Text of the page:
Page:The Irish in Australia.djvu/295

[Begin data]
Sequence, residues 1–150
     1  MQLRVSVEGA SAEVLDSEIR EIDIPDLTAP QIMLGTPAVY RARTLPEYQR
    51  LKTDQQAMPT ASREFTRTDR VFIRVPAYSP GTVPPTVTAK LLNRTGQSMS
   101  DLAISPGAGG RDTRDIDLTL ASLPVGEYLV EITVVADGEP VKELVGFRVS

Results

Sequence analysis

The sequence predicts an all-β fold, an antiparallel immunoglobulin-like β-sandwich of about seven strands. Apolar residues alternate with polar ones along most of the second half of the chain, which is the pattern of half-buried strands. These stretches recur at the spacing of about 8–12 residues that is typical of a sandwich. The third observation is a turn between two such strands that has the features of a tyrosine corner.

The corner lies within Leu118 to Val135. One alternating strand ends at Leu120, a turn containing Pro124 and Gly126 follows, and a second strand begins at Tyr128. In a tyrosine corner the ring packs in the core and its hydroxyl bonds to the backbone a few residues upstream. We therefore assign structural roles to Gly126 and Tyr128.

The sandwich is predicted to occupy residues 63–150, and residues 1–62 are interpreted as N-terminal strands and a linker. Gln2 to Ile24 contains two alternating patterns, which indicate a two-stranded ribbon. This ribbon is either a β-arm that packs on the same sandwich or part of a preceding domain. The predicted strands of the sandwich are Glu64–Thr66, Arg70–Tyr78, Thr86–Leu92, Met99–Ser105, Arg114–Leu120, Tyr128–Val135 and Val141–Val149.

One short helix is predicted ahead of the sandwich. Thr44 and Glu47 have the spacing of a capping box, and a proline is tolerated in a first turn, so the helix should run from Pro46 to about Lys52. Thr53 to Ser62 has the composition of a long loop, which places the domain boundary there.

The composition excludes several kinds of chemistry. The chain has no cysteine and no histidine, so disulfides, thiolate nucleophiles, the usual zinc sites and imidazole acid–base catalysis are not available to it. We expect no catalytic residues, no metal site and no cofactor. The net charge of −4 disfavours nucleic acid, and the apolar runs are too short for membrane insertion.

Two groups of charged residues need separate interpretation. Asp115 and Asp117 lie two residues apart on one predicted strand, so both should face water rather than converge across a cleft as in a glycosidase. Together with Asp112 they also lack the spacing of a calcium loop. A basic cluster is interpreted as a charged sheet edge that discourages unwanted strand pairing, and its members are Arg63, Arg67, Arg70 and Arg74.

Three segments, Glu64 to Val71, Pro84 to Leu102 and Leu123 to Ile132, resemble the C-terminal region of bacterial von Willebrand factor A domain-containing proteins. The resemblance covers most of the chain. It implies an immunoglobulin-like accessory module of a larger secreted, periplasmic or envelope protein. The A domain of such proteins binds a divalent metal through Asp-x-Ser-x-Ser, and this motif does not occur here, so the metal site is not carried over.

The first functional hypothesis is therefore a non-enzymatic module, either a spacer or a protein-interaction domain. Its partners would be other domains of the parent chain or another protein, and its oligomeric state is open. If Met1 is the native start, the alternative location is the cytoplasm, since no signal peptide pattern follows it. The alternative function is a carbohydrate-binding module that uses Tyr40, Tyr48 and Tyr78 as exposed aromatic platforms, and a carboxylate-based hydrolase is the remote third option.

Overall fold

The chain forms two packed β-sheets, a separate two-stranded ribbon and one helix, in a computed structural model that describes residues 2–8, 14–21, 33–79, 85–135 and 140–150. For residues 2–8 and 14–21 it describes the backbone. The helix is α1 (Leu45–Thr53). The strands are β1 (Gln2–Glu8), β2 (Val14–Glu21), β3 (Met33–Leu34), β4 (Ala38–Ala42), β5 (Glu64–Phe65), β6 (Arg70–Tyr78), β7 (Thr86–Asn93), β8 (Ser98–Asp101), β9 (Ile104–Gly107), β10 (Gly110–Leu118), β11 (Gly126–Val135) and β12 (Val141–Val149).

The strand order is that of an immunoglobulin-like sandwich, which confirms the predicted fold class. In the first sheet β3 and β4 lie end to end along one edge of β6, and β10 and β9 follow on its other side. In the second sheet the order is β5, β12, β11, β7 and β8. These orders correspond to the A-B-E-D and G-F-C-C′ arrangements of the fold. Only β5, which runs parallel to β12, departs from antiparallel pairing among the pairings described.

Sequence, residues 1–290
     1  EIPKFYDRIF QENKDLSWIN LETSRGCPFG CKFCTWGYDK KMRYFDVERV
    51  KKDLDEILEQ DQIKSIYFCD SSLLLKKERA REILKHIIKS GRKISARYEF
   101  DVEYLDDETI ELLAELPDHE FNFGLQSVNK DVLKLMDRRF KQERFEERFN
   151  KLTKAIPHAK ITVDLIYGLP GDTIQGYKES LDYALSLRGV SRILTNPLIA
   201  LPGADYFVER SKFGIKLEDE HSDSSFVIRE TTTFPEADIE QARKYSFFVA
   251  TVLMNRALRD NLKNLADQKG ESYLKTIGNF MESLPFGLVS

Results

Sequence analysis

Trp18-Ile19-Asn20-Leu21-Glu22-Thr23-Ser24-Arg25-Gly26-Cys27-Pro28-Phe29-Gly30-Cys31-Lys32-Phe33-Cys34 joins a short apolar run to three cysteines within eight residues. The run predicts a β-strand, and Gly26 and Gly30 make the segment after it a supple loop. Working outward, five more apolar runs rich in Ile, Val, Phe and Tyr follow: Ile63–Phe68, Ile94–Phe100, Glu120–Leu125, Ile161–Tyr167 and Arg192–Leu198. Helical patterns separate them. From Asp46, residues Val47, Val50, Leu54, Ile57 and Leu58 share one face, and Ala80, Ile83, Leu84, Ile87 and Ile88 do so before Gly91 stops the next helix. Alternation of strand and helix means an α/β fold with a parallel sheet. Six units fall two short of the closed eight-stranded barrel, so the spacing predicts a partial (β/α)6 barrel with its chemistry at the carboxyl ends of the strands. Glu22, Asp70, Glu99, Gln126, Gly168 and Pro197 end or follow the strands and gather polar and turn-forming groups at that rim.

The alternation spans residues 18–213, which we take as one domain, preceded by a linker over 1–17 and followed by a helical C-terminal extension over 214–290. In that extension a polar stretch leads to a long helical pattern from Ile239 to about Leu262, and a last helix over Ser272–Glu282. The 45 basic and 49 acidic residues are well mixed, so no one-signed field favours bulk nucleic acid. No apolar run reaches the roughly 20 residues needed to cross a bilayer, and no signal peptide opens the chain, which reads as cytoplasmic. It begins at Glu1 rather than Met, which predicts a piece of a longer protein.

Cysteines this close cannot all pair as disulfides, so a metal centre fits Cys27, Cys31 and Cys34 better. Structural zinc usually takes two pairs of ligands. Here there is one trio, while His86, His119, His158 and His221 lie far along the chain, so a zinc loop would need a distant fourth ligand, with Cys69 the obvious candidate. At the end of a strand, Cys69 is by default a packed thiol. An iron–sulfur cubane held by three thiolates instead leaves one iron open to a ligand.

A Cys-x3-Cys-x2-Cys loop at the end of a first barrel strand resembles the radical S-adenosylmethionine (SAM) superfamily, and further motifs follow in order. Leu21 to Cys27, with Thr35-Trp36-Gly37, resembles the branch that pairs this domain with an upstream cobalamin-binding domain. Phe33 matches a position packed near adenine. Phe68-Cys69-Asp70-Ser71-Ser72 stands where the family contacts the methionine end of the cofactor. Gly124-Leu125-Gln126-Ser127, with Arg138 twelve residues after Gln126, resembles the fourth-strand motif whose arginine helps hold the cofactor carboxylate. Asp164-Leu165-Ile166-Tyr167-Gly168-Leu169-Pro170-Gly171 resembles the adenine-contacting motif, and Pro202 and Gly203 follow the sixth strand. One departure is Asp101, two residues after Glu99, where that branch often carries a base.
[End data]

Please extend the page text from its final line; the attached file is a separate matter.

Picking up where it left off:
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newspaper reports of the day; but it is sufficient to show that, even at this early period of his colonial career, the grand idea of a federated Australia was occupying a large place in Sir Gavan Duffy's thoughts. For the practical realisation of that idea, he worked consistently and well for many years at the antipodes, and, though he has not yet had the satisfaction of seeing a second Dominion of Canada established in the south, he has the satisfaction of knowing that, through his instrumentality, many preliminary difficulties have been removed, many intercolonial jealousies smoothed down, and the way paved for a United Australia in the near future. In a special manner has he exerted himself to put down that curse of all new countries, the revival, or the attempted revival, of those bitter feuds and religious prejudices that have worked so much mischief in old and historic lands. Mr. Duffy's arrival was most opportune and beneficial to the newly-born colony of Victoria. He was the only member of its first Parliament who had sat in the House of Commons, and the knowledge and experience he had thus acquired naturally gave him a preponderating influence and prestige. It was owing to his advice and suggestions that the Victorian Legislative Assembly was made almost an exact counterpart of the House of Commons. The painful recollection of the terrible evils of unbridled landlordism in Ireland, determined Mr. Duffy to do all in his power to prevent the possibility of such inhuman scenes being re-enacted on the colonial soil of his adoption. From the first he was a vigorous land reformer, and he laboured with might and main to destroy the monopoly of the pastoral tenants, and settle the people on the lands. To him the colony was indebted for its most liberal land law—the Land Act of 1862—a measure which, if it had only been accorded fair play, and administered in accordance with